It’s the idea that counts. It doesn’t matter what you have on hand, using what you have and not spending too much time or money on something is okay. What your child produces might be completely different than what you see on Pinterest and Instagram. What people post is what they did or set up so the final outcome is perfect and not as open ended as it could be. Keep that in mind when you’re setting everything up.

These lists have no pictures or step by step details because your child may want to create something completely different than what you had initially planned. Ask yourself who are they primarily for? Are they for kids who can’t read/follow along, older kids or adults? Why are the ones not picture perfect not on Instagram as often?

Edible fails may not look great but they can still taste delicious so embrace it and don’t think of them as ‘fails’. I’ve always considered them great works of art no matter how they look because they’re made by them who in turn are precious to you.

Kids have great imagination and unless you have the time to set it up, create a sample and supervise every step your child does to create the item, it’s okay if it isn’t picture perfect at the end. Your child will feel proud about their own accomplishment and that’s what’s important. 

The majority of activities I compile are therefore toddler friendly as long as the materials are not choking hazards and it’s more about exploring the materials rather than the craft itself. Lastly, think about what your child will be doing during the activity. If you’re looking at craft ideas, how perfect does it look? What percentage of it looks like an adult created it? What did the child do to help? If you see a perfect Christmas tree or ornament craft, how much do you think the child contributed?

Kids won’t remember many things they’ve done but they remember the time they spend with you during the process.

One example: With kids 2 and under, you’re the one stamping their foot and hand for the perfect print either ornament, cutout, salt dough. What’s next? Washing their hand and foot? What else? What are they doing with it? Are they painting more? Creating their own picture? Creating their own? Think about the process. Did you set everything up to create gifts? If so, let them have their own time to explore and create something imperfect or just explore for a bit of time until they’re uninterested after the gift creation. This not only redirects them so that they don’t just want to destroy the gifts, but it gives them something to do while you’re working on the gift or cleaning up.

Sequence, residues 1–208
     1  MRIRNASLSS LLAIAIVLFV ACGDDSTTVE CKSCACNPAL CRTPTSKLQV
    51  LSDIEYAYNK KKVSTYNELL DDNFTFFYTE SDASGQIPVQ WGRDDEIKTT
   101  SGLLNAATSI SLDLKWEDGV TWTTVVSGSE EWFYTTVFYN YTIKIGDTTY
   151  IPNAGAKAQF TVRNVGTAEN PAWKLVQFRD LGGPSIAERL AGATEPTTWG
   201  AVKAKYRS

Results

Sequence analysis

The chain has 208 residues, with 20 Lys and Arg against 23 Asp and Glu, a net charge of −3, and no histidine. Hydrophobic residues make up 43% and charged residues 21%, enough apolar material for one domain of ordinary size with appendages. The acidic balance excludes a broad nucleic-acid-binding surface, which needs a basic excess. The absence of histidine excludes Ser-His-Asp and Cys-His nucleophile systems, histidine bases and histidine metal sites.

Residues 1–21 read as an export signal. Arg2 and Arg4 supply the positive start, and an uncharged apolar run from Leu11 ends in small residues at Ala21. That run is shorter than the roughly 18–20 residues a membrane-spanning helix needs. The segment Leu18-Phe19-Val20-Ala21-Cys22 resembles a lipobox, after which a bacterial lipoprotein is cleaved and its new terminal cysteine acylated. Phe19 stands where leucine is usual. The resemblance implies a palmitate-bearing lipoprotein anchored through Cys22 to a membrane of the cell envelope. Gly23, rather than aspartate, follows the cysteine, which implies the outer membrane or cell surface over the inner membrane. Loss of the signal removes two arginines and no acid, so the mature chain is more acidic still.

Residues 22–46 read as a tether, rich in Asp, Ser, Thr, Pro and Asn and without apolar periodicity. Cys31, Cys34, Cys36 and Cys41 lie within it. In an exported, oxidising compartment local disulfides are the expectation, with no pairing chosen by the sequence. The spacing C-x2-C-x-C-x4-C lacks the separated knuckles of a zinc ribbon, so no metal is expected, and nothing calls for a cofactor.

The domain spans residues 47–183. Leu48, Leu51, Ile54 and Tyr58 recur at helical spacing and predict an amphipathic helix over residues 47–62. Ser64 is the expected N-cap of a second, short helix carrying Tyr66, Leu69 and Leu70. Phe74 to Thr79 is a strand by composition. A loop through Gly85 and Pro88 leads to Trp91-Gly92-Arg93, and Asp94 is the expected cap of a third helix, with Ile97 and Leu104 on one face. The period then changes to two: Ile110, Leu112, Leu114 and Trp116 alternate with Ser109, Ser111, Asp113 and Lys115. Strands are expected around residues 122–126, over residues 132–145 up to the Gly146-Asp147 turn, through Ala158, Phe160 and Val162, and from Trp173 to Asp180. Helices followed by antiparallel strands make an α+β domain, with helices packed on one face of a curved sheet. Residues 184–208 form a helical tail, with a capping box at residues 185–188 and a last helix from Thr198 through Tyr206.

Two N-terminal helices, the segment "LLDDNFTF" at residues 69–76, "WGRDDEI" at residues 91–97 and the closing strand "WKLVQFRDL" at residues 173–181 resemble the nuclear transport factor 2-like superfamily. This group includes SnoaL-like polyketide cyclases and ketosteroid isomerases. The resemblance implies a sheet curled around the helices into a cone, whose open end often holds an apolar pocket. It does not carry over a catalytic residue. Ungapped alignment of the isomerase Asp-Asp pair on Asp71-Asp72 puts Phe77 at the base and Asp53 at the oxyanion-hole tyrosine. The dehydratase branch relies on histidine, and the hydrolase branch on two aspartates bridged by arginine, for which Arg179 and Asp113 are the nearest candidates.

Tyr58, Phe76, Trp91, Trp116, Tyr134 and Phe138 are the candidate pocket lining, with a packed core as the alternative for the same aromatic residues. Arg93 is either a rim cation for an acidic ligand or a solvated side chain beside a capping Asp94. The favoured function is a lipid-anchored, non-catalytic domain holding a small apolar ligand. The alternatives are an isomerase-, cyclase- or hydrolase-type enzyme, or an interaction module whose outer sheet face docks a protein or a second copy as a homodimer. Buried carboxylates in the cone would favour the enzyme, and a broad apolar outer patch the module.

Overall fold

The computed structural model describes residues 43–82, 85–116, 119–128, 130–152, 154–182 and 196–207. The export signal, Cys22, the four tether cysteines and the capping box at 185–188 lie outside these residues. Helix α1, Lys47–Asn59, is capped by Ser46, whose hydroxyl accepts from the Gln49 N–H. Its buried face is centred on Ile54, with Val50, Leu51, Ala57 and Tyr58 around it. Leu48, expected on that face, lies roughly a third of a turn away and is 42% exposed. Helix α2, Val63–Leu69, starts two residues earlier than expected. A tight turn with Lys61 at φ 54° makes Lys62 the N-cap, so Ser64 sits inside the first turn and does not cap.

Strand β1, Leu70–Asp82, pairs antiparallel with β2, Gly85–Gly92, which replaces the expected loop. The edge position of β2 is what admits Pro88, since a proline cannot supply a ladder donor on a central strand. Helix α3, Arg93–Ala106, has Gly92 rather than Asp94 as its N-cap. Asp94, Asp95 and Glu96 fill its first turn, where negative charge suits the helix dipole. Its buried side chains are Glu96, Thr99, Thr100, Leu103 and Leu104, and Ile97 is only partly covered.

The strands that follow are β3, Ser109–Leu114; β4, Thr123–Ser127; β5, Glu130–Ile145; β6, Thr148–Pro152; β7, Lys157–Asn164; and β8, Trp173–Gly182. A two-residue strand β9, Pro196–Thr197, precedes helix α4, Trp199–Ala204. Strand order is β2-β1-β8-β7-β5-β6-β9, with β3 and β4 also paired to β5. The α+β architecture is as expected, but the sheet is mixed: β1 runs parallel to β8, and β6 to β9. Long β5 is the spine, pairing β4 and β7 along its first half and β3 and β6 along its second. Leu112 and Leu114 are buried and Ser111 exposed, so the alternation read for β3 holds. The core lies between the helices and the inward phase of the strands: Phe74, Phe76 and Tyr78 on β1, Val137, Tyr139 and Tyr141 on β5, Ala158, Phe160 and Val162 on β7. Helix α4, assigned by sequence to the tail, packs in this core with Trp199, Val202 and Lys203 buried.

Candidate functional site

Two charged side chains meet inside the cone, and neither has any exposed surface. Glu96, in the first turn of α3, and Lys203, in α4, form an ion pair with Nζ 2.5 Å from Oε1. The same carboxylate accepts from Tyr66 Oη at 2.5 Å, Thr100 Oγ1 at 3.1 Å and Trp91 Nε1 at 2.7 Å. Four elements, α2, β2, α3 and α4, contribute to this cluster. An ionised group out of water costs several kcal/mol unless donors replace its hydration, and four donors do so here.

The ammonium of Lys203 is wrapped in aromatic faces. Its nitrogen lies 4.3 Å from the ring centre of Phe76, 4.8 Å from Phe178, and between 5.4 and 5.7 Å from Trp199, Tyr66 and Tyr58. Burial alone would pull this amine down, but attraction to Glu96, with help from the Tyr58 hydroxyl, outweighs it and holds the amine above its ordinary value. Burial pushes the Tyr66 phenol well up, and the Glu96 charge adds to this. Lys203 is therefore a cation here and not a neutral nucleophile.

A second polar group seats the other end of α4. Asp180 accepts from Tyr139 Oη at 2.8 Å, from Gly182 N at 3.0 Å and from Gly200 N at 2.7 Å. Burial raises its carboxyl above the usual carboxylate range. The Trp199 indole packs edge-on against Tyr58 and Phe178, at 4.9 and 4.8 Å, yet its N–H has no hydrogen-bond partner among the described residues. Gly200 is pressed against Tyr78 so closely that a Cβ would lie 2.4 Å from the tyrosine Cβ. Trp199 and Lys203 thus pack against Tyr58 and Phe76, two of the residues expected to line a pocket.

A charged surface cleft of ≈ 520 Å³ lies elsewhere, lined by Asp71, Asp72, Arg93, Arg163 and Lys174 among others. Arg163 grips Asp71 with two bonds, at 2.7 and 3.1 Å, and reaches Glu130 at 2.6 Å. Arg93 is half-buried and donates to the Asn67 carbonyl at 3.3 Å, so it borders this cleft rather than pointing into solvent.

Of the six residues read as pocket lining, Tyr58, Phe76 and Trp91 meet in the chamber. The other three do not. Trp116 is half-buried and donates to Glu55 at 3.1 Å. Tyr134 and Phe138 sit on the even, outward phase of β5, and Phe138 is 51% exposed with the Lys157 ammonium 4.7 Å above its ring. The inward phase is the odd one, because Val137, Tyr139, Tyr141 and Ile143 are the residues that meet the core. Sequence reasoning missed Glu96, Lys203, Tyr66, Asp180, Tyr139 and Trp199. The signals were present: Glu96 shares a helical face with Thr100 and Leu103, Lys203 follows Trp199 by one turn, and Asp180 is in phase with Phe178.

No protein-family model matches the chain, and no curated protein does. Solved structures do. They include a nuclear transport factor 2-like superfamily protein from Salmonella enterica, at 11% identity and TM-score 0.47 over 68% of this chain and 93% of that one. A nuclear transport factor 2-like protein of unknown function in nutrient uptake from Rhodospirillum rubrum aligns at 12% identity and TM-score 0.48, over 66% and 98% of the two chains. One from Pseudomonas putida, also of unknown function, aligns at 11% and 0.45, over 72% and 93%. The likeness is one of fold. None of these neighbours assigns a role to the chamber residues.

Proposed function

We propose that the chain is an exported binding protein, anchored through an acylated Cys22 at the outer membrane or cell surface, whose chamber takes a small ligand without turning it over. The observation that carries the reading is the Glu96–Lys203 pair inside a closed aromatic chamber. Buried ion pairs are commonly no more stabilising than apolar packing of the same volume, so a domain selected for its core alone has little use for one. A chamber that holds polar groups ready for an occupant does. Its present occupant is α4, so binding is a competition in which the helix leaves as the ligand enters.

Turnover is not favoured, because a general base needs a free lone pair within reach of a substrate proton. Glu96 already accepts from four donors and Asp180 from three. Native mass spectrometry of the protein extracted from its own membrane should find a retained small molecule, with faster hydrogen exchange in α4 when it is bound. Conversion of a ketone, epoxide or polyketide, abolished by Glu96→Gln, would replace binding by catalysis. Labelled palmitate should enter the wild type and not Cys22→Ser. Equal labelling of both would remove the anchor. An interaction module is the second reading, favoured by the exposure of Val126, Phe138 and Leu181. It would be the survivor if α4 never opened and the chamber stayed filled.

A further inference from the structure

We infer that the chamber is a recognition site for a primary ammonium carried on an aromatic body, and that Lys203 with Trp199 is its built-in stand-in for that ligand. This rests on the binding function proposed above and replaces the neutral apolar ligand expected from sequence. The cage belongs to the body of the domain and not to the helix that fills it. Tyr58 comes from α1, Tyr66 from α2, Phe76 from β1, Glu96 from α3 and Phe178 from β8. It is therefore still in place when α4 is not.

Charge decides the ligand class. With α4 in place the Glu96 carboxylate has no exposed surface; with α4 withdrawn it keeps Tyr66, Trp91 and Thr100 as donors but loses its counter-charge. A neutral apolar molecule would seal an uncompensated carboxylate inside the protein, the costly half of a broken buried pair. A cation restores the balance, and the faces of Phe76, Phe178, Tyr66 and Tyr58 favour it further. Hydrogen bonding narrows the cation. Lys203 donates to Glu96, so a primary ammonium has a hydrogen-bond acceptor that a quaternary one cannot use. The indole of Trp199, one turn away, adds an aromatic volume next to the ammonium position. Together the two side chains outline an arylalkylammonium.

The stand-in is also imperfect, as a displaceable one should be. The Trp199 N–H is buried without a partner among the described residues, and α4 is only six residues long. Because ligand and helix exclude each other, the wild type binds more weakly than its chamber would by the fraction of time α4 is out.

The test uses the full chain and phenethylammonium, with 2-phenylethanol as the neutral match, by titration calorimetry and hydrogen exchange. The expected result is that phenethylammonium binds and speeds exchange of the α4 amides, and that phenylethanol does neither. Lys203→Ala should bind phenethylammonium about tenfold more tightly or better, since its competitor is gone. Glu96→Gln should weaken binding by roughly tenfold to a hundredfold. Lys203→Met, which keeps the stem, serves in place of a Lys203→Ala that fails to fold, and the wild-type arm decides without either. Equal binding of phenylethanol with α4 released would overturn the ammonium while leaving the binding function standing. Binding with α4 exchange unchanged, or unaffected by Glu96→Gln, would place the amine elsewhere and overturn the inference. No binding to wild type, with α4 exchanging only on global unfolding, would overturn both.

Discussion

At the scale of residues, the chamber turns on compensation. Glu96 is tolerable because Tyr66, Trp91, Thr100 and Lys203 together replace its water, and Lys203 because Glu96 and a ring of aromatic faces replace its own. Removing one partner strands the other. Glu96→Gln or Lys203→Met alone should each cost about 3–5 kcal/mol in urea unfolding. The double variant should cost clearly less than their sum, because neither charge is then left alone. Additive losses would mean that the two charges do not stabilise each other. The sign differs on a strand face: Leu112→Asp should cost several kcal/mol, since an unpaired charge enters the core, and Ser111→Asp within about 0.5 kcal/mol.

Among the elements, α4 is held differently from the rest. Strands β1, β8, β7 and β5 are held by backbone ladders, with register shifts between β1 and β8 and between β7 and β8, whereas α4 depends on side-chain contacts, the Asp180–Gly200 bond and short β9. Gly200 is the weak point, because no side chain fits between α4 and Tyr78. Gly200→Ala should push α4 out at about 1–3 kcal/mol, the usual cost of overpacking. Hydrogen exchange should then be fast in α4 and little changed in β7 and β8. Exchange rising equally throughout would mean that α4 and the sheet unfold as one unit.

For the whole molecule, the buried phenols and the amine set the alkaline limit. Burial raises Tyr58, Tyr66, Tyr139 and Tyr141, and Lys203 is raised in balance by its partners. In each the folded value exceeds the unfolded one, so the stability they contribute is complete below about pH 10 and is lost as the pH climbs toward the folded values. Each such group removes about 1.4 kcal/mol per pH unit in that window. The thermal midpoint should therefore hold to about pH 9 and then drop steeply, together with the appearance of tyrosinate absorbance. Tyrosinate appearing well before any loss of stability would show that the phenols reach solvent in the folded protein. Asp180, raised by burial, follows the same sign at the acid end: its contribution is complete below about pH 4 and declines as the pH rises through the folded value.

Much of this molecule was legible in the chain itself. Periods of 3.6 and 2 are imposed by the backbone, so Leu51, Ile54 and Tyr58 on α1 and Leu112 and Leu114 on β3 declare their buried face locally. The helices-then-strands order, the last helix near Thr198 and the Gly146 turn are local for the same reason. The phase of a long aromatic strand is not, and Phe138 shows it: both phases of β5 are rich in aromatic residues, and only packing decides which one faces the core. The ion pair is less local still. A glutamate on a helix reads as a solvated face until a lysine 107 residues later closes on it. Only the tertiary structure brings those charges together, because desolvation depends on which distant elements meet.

Many, not all kids are also the epitome of greed when it comes to materials. They’ll want everything provided. Go with 2-3 materials max otherwise the original intention will be lost. Ever provided 10 different coloured paints? Brown will be the only colour you see.

Always have the picture perfect craft in mind or do it yourself in your own time but allow your child to enjoy the process and not dwell on the expectation even if they’re 7+. It will be perfect no matter what.

Mix and match materials and create something that represents the holidays. Set different materials out each day and tell your child one thing they can make or make a game out of it. Dice rolls, pair each material or holiday item with a number or letter and it can be a random craft everyday. Have fun and make it about them – not the craft.


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